[Editor: This poem by P.P. Quinn was published in The Bulletin Reciter, 1901.]
We dumped our swags by the river-side when the sun was getting low ;
To reach the boys on the other side we had four good miles to go ;
But the winding stream that before us stretched ran sluggishly and wide —
’T was a hundred yards from where we sat to the sand on the other side.
The tailings washed from the claims above had sullied the waters clear,
And thicker and thicker they slowly ran as year succeeded year ;
My mate and myself wished heartily we had reached the further shore —
The trip was the first he had made on the track, but I had been there before.
A raw new-chum of the boasting type, in his stockings six-feet-two ;
He never tired while he “held the flute” of telling what he could do —
He had pulled a win with an Oxford eight ; had hunted on Yorkshire side ;
Had played with the Gents on the Oval, too; and Lord knows what beside !
“Had never been taken in, bai Jove !” — he was “far too smart, you know” —
Was a lot too good to carry a swag, and plainly told me so.
A fortnight back I had picked him up, stone-broke on the Sydney side,
And we swagged it out to fossick a creek I knew by this river wide.
“I think I ’ll swim it, bai Jove !” he said, and glanced at the opposite side ;
“I ’ve swum the Rhine by the Drachenfels, and that is four times as wide.”
Then he stacked his togs — they were few, Lord knows ! — on the log beside me there,
And turned to dive in the murky stream with a proud, heroic air.
“I would n’t dive for fear of the rocks,” I grinned as I said to him ;
“But just walk out till you get your depth, and then you can safely swim.”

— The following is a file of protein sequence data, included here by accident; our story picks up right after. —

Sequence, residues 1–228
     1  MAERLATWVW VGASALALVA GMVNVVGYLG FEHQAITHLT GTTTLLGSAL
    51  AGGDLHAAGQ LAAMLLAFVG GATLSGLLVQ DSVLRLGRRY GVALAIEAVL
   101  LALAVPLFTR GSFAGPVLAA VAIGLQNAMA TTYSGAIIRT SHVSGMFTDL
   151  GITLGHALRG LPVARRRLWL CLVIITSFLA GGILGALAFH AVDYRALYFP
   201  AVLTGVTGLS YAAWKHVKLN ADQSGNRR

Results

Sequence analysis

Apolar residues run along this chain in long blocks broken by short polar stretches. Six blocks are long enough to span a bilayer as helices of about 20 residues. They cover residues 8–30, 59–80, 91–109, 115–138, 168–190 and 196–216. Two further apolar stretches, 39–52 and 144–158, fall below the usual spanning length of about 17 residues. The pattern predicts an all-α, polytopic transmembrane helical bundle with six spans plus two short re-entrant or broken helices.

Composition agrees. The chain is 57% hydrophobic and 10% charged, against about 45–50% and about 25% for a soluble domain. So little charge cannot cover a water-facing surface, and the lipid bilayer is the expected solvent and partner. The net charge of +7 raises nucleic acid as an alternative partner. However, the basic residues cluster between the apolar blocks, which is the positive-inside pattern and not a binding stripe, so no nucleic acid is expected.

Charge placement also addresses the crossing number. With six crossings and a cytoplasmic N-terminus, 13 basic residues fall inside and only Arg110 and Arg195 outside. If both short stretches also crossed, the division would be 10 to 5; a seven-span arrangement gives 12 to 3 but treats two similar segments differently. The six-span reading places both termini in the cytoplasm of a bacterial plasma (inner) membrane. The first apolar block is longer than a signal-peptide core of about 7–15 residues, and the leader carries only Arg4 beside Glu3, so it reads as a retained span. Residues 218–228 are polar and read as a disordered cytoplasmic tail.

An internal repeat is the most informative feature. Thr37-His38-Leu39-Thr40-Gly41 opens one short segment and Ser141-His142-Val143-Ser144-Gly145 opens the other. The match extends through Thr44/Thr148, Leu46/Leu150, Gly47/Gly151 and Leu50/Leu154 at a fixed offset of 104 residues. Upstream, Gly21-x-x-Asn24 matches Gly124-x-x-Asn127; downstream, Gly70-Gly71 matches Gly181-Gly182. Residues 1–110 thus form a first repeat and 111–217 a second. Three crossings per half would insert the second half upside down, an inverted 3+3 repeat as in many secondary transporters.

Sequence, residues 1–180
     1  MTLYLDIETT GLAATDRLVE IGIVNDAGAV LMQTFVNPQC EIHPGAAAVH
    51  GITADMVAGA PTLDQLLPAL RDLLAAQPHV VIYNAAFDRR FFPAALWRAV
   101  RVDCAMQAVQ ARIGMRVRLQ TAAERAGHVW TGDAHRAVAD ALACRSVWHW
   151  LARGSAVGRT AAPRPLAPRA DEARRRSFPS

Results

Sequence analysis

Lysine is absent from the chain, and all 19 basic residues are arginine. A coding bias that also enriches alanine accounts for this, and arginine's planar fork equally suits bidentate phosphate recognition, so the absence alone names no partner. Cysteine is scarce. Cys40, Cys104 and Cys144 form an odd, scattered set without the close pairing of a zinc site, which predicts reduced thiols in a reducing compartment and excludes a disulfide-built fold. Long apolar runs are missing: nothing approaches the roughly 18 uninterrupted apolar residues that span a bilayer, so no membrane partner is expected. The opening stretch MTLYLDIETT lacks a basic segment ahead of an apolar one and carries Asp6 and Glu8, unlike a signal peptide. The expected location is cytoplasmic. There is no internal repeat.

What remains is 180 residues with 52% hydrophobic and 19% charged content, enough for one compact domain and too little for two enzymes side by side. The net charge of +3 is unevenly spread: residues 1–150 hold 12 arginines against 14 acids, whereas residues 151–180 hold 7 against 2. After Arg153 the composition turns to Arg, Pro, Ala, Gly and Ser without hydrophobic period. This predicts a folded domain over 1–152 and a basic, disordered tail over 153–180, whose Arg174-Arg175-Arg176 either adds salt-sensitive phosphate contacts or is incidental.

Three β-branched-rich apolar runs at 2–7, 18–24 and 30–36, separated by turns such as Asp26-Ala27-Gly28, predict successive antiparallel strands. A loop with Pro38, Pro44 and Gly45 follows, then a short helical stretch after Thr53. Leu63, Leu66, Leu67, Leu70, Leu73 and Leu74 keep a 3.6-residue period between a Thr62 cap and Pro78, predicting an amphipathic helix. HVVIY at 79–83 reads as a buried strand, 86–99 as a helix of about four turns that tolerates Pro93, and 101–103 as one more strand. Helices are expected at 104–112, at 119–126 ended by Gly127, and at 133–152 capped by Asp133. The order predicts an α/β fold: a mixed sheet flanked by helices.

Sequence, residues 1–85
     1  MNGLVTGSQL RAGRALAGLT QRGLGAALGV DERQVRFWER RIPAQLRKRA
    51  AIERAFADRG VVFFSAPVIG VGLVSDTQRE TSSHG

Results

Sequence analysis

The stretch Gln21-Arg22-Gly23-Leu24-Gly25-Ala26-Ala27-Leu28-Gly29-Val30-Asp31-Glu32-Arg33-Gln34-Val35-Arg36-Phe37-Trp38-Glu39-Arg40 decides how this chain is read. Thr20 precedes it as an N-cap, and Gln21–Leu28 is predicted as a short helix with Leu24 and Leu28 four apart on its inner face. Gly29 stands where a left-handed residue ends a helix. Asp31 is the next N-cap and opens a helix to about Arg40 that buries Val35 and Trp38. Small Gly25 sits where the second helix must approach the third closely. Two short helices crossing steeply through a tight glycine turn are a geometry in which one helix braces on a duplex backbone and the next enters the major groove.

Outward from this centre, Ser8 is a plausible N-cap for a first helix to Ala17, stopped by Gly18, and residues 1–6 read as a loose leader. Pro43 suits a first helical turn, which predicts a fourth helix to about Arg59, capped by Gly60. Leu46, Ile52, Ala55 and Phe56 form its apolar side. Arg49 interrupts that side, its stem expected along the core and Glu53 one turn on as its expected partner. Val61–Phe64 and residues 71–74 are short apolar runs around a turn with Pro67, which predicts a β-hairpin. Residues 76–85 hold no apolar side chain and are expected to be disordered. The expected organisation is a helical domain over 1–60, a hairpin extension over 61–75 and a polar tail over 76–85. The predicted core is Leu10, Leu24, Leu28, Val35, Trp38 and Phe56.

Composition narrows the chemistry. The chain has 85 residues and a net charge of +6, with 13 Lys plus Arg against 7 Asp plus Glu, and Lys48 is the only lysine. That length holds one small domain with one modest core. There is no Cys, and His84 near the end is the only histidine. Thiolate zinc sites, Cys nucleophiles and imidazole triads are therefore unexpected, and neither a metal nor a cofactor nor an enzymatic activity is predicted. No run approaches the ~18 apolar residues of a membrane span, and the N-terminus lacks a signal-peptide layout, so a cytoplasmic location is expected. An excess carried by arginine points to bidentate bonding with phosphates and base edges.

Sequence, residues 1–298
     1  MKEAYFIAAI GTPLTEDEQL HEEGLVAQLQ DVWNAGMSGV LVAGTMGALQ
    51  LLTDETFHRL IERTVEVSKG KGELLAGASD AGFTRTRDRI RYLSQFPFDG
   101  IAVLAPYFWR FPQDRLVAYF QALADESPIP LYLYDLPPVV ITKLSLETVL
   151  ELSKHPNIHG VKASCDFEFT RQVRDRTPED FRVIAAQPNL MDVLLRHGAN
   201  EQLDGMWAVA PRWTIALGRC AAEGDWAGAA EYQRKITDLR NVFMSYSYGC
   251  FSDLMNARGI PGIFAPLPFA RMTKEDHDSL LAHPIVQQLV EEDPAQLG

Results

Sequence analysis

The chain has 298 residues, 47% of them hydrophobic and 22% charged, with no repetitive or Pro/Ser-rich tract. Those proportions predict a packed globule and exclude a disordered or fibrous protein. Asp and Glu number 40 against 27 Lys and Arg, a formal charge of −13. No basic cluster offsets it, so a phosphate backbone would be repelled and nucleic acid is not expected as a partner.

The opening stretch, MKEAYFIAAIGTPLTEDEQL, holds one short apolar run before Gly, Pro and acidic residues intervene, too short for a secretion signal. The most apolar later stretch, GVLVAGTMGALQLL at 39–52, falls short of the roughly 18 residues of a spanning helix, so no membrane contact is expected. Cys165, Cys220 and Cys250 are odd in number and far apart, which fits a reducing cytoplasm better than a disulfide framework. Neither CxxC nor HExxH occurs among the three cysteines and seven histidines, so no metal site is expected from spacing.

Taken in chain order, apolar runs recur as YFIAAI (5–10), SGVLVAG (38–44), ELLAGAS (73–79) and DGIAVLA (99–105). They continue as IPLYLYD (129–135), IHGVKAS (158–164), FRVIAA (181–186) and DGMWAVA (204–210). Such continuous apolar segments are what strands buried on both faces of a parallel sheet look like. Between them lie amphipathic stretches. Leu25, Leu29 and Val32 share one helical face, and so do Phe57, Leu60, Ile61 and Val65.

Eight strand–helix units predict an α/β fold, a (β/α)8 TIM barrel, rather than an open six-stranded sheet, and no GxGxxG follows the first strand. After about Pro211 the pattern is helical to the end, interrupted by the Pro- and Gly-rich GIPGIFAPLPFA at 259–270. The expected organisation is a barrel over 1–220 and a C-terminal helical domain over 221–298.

“A good idea, old chap!” says he; “for the water is beastly thick” —
And then he stepped in the sluggish stream, and stepped at the double-quick.
The first step covered his toes, I think ; the next he was ankle deep ;
While I struggled hard with a laughing fit in trying my peace to keep.
Then, bending low, he prepared to swim when the water reached his knees,
With arms drawn up and his unkempt hair adrift on the evening breeze.
Ten paces out — and the water still just reached to his ankles bare,
While he went prepared for the sudden drop in the depths that he knew were there.
Half-way across — and his ankles trim still fathomed the mighty flood ;
He threw a suspicious glance behind, and just for a moment stood.
Then on he went with a cautious stride, while around his spacious feet
The waters mingled with drifting sand and the three-inch wavelets beat.
He faced about on the other shore — he found he was fairly “had,”
And the words that fell from that naked man were the sublimate of bad.
Then to wade across I tucked my pants — they were getting for wear the worse,
While my robeless mate who had swum the Rhine swore hard at the universe.
He cursed the stream and cursed the sand as he fiercely paced the shore —
’T was the first gay time he had crossed that creek, but I had been there before.
P. P. Quinn.
A.G. Stephens (editor). The Bulletin Reciter: A Collection of Verses for Recitation from “The Bulletin” [1880-1901], The Bulletin Newspaper Company, Sydney, 1902 [first published 1901], pages 19-21